Rising star in tourism
Unlike his Zanu-PF colleague Saviour Kasukuwere, Walter Mzembi, the Minister of Tourism and Hospitality, is a darling of Western countries, foreign investors and businesspeople as he trots across the globe seeking to restore confidence in Zimbabwe's tourism sector.
On the other hand, Kasukuwere, the Minister of Youth Development, Indigenisation and Empowerment, has done the exact opposite to Mzembi and is the embodiment of plans to seize foreign-owned companies under the country's 51% indigenisation law.
Divisions are common between Zanu-PF ministers and their MDC counterparts, but are unusual among Zanu-PF-linked ministers.
Economist Eric Bloch said: "Those are the internal contradictions of this government. There is no policy cohesion because some policies like indigenisation are being pursued for political expediency rather than long-term inclusive economic growth.
"While Mzembi is trying to lure investors into the tourism industry, Kasukuwere is threatening the same potential investors with expropriation of their capital. This is also the same dilemma that Minister Tapiwa Mashakada finds himself in as he tries to promote foreign and domestic investment."
But so far, Mzembi appears to have weathered the storm caused by indigenisation. He fired a salvo at his Zanu-PF colleagues last year after they invaded a bird sanctuary under the excuse of indigenisation, telling them to back off, as the tourism sector was sufficiently indigenised.
The main players in the tourism sector are the Rainbow Tourism Group, where government is the majority stakeholder, and African Sun, which is largely owned by the country's emerging black elites.
Mzembi has a knack for speaking candidly against elements that make his job mored ifficult - among them the failed airline, Air Zimbabwe. He has called for its privatisation to ensure consistent service.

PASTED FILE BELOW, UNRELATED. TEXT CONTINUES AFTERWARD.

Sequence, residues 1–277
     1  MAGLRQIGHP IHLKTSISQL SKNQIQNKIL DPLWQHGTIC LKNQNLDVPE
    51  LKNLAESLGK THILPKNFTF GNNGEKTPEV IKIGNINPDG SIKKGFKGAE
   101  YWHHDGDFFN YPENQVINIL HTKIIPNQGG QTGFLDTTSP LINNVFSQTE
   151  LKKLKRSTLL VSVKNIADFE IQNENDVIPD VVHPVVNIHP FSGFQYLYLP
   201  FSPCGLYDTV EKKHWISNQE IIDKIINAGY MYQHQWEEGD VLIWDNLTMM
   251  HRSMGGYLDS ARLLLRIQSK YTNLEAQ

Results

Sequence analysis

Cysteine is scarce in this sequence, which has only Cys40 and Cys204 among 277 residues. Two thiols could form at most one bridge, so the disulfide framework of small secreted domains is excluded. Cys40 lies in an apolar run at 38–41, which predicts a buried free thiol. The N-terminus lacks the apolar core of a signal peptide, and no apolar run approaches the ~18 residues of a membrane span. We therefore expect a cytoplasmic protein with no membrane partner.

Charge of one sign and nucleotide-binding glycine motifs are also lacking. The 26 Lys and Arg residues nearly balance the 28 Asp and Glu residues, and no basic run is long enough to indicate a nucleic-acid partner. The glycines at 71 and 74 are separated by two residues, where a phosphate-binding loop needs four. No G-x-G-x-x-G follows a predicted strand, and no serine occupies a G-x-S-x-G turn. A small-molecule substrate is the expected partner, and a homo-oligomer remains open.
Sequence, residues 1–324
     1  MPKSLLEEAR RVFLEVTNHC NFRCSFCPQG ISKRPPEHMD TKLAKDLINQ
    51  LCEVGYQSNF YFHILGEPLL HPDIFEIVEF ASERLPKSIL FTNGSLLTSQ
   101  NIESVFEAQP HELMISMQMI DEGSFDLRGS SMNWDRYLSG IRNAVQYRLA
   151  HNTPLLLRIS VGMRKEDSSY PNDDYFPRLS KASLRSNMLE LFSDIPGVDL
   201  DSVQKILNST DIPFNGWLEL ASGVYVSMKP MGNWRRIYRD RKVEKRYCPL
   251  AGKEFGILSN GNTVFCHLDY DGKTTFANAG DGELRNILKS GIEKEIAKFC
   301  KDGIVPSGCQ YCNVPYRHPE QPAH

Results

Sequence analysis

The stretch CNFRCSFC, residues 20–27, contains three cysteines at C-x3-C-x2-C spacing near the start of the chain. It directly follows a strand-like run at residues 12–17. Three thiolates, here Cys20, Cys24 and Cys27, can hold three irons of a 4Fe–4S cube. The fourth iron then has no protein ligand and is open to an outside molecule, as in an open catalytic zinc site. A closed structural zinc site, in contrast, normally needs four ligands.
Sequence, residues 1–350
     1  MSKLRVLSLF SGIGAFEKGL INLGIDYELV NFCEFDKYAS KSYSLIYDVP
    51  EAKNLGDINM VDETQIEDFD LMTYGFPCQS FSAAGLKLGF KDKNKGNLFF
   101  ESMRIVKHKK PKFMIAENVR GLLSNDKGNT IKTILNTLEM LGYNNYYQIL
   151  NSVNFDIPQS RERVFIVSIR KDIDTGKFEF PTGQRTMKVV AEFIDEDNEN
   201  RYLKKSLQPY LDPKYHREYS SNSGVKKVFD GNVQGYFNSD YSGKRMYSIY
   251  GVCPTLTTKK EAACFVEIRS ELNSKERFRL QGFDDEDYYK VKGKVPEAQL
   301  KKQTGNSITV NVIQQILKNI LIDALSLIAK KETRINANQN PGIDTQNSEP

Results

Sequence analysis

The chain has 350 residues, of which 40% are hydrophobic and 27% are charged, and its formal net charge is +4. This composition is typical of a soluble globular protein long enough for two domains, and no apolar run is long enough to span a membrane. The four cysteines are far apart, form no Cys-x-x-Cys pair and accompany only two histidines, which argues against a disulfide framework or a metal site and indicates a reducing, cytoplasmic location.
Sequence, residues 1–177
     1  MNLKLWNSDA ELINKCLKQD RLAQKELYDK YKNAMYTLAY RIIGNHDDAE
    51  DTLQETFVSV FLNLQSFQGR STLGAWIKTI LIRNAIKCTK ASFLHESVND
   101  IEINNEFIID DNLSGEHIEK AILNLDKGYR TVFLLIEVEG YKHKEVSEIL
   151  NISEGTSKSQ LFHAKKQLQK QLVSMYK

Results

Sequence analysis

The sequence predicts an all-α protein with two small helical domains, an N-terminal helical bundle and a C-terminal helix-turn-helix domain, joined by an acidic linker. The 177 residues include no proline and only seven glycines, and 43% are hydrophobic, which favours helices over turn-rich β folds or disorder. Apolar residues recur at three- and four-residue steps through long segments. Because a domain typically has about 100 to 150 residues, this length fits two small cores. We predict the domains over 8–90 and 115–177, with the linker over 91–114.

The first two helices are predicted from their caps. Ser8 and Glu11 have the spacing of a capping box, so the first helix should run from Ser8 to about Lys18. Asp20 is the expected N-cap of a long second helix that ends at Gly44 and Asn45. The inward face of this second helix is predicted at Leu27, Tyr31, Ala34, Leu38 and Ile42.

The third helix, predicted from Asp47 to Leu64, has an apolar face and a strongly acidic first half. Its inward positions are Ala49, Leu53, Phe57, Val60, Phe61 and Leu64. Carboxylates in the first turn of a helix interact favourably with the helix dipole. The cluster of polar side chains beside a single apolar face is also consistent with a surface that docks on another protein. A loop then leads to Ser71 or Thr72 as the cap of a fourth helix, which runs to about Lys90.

However, he has not lost his lighter side, and at President Robert Mugabe's 88th birthday celebrations, he said it would be easier to convince tourists to visit Zimbabwe as they would want to see Mugabe whom he called a "tourist attraction".
Under Mzembi's three-year-old watch, Zimbabwe's tourism is slowly turning around after a decade-long battering induced by the country's economic decline. Mzembi this week celebrated the latest figures from the World Travel and Tourism Council, which confirmed Zimbabwe's newly found return to glory.
"Zimbabwe is now the second fastest-growing tourism industry in the world, second only to China. It is a favourable rating by any standard but we have to work hard to maintain those figures as the test of the pudding is in the eating," said Mzembi.
Tourism is set to contribute an average 8.2% to the country's gross domestic product over the next 10 years. It slumped to less than 5% under the economic collapse.
Meanwhile, Mzembi was elected president of the African Travel Association for a two-year period at the association's recently ended Victoria Falls conference last week.
Tourism industry players say the post is an acknowledgement of Mzembi's contribution to tourism, not only in Zimbabwe but also on the African continent.
The icing on the cake, however, is set to come next year when Zimbabwe co-hosts with Zambia the United Nations World Tourism Summit in Victoria Falls and Livingstone. This is certain to be Mzembi's career highlight.
But political observers caution that elections could undo Mzembi's efforts.
Political analyst Charles Mangongera said: "Mzembi has managed to project a political persona of a pragmatic realist that is not fundamentally partisan. Sometimes he has contradicted party positions, particularly on indigenisation, and I believe this might have ruffled some feathers within his Zanu-PF party. It will be interesting to see how he will emerge after the next elections, which indeed will be the biggest test of his political career".